the press structure of the Nixon White House, a prototype for modern White
House-reporter antagonism. The break-in at the Watergate hotel and office
complex launched a drama that deposed a president and changed American attitudes about government, but the break-in was only a minor manifestation of
a long-range strategy outlined by a White House clique who never grasped
their primary responsibilities and who approached their obligations with unparalleled vindictiveness. Watergate was ordained by marred White House
logic, evident in the earliest Oval Office conversations and lasting until the
president's farewell speech in 1974 on the White House lawn. It was not so
much the nature of the underhanded malfeasance that led to the administration's destruction as it was the underlying convictions that justified them. As
part of the White House's siege mentality, Nixon and his subordinates created
a communications structure in January 1969 that signaled a changing presspresident relationship and almost guaranteed a tragedy.
Indeed, what followed were wholesale violations by men who understood
that they were breaking the law. We have been reminded repeatedly of the consequences: imprisonment of some of the nation's most powerful leaders, a di-

Prologue

minished presidency, shared embarrassment, public cynicism, lost government


initiatives, and eventual voter indifference. As those memories fade into the
twenty-first century, however, one legacy may survive: implacable press relations and shallow reporting. Washington journalism changed after Watergate.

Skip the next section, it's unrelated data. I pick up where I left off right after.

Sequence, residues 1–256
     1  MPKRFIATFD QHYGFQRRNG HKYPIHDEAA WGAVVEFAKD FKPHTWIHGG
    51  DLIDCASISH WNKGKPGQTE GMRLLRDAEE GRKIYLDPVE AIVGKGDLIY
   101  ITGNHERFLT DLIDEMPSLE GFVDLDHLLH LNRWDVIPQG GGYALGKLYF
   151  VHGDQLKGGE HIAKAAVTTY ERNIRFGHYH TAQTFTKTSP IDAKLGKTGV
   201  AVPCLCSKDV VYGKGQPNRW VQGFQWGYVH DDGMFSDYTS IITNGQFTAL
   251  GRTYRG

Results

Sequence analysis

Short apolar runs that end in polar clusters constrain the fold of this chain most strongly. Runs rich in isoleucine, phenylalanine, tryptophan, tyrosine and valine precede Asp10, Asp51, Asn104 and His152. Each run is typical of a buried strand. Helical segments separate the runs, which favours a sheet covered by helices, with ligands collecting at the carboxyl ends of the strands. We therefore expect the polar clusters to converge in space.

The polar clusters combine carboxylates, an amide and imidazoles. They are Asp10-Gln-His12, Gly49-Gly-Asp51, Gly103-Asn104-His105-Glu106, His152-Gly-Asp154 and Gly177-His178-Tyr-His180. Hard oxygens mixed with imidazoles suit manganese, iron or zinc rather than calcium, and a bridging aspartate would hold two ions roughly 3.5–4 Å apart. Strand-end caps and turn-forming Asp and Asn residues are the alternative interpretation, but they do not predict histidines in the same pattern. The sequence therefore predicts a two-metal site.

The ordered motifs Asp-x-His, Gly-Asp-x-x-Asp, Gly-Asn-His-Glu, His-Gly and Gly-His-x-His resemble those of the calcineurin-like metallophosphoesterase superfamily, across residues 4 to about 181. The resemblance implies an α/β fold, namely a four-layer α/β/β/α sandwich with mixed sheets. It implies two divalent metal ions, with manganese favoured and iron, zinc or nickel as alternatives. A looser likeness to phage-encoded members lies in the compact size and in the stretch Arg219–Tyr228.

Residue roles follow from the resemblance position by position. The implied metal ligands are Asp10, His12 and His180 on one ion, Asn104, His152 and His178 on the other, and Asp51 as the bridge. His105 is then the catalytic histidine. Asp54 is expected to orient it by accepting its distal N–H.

From Gerald Ford to Bill Clinton, the quality of news and the interrelationship
between the White House and the press corps steadily diminished.
How did the Watergate mentality develop? What led to the illegal acts and to
the paranoia that propelled those deeds? Who planned the public denigration of
reporters and the spying? Who developed the policies that would alienate reporters for the sixty-seven months of the Nixon presidency and for years to
come? How did the Nixon press apparatus differ from previous presidencies',
and was it a model for the ones that followed? What does this mean to the presidency a generation after Nixon's resignation? Did the press corps need to be
curbed, and were the administration's actions understandable, if not condonable, as a defense against a wholly unfair group of correspondents? W h y does
Watergate still reverberate in the twenty-first century ? These questions will be
addressed, as we stir the ashes thirty years later. This book will explore not so
much the events but the strategy, especially as it related to the news media.
The catalyst for this book was my conversation with a radio talk show host in
1999 during President Bill Clinton's impeachment hearings. Were the causes of
the Nixon resignation and the Clinton impeachment similar? he asked. Of
course they were not, and I sensed that he felt obliged to ask on behalf of his audience, which probably had forgotten or had never known about Watergate. Few